Firehouse: What were some of the major lessons you have learned along the way as chief about leadership and the fire service?
McGuirk: An individual leader alone, no matter how heroic, is unlikely to implement change successfully. Managing change requires integrated and cohesive senior teams. These teams are the most powerful signal generators in an organization; they extend and institutionalize the leadership and management of innovation and change. There are several things successful leaders can do to develop effective, visible and dynamic senior teams.
From the start, the team must be seen as an extension of the individual leader. Its members need to be given the autonomy and resources to serve effectively - objective empowerment - and the organization needs to be sent clear messages, through the use of titles and formal roles associated with the change, that team members are speaking for the leader - symbolic empowerment.
Firehouse: As a chief, how have you come to understand the term marketing, and its uses for the fire service?
McGuirk: While undertaking research as part of some further education a few years ago, I became interested in the whole concept of marketing. I had typically confused the concept of marketing with PR and advertising, but the concept of marketing is much broader. Marketing is the management process, which identifies, anticipates and supplies customer requirements efficiently and profitably. It is an activity that goes considerably beyond the selling of toothpaste or soap.
Political contests such as your current presidential campaigns remind us that candidates are marketed; student recruitment in colleges reminds us that higher education is marketed; and fund-raising reminds us that "causes" are marketed. ...I therefore examined whether the principles of "good" marketing in traditional product areas were transferable to the marketing of services, persons and ideas. The answer is that they undoubtedly are, but they are applied differently. Marketing in the fire service is what I would call managing for a social result. Managers orchestrate resources to produce value. That value should provide the focus for all their activities. It is the nature of the value they produce which distinguishes public service managers from their colleagues in business. ...Public managers have to produce social results, not just financial ones. In the fire service this means that now we have to achieve a "safer community" rather than just respond to emergencies.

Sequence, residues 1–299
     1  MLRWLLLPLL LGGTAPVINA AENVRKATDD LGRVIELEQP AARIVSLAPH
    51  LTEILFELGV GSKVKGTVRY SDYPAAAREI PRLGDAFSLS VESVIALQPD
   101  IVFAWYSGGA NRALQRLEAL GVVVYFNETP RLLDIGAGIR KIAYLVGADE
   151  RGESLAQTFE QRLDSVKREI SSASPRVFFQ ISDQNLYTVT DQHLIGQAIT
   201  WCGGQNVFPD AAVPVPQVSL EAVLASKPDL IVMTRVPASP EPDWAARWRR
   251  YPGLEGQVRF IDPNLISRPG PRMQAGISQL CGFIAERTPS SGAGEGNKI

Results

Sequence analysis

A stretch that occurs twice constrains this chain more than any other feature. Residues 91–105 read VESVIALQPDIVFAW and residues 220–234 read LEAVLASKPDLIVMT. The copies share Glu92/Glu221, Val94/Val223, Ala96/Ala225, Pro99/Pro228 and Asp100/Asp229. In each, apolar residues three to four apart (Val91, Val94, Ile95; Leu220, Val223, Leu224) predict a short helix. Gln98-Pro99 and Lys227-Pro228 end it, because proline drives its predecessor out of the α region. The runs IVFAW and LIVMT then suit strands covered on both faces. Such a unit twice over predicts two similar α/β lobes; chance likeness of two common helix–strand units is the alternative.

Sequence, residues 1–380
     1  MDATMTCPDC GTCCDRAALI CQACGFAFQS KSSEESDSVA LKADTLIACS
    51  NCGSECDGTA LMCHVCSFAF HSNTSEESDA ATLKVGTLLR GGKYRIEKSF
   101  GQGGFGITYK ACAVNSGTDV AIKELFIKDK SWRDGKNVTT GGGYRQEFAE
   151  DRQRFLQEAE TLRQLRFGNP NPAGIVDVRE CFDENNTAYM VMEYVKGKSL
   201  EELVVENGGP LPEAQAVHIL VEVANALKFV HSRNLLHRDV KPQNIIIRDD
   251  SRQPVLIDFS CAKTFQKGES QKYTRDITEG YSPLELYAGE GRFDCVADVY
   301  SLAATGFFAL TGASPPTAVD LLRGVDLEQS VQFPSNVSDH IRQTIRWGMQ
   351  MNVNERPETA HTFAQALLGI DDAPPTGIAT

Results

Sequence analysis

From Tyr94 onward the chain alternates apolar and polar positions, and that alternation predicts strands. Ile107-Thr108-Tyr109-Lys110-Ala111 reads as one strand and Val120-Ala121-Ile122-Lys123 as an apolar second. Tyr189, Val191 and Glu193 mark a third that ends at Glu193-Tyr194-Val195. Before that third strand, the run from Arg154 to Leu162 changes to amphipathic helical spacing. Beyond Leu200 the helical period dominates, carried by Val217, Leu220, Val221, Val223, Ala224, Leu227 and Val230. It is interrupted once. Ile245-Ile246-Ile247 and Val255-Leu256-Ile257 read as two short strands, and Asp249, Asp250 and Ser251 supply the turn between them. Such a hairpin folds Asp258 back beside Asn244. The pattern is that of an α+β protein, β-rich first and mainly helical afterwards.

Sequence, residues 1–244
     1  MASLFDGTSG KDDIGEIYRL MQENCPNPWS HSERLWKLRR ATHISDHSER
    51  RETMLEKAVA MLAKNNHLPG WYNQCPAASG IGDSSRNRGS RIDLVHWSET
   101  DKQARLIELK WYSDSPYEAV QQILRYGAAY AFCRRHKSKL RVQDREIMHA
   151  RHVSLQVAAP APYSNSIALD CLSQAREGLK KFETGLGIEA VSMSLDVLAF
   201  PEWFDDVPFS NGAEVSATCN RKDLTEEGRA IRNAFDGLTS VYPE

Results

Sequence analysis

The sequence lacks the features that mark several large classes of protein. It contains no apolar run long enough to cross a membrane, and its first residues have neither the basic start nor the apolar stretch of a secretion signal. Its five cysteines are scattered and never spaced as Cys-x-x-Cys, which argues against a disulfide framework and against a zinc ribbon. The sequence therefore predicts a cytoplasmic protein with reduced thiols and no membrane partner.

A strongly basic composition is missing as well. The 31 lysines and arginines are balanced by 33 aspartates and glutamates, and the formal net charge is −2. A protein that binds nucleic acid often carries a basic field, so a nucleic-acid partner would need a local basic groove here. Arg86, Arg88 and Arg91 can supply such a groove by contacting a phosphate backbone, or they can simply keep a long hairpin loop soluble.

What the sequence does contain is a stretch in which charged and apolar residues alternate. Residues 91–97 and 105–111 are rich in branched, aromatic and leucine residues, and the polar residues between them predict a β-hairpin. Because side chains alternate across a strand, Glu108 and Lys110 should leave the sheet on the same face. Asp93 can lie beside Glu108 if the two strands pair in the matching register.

Firehouse: When you came to Merseyside, what were the major challenges you faced in all areas of the department?
McGuirk: The main issue was resistance to change in the workforce, as well as a public perception that was entirely focused on response.
Firehouse: What were the key initiatives you wanted to move forward?
McGuirk: I have initiated a complex community public health program throughout Merseyside and over 350,000 homes have been visited, the risks to health (including fire) assessed by operational firefighters and free smoke alarms have been installed by operational firefighters. The program has been entirely funded by making organizational efficiencies. Prior to this initiative, Merseyside had one of the highest levels of fire death and injury in the Western world.
Our research showed that over half of all fatalities occur before the fire and rescue services are called out, the huge majority of accidental fire fatalities were in their own home and the majority of these victims were in the room of origin. Stopping fires occurring in the first place is the most effective way to save lives and make communities safer. In common with other fire and rescue services around the world, we operate a range of community fire safety initiatives to promote fire safety; however, generic education and awareness campaigns typically struggle to reach those most at risk.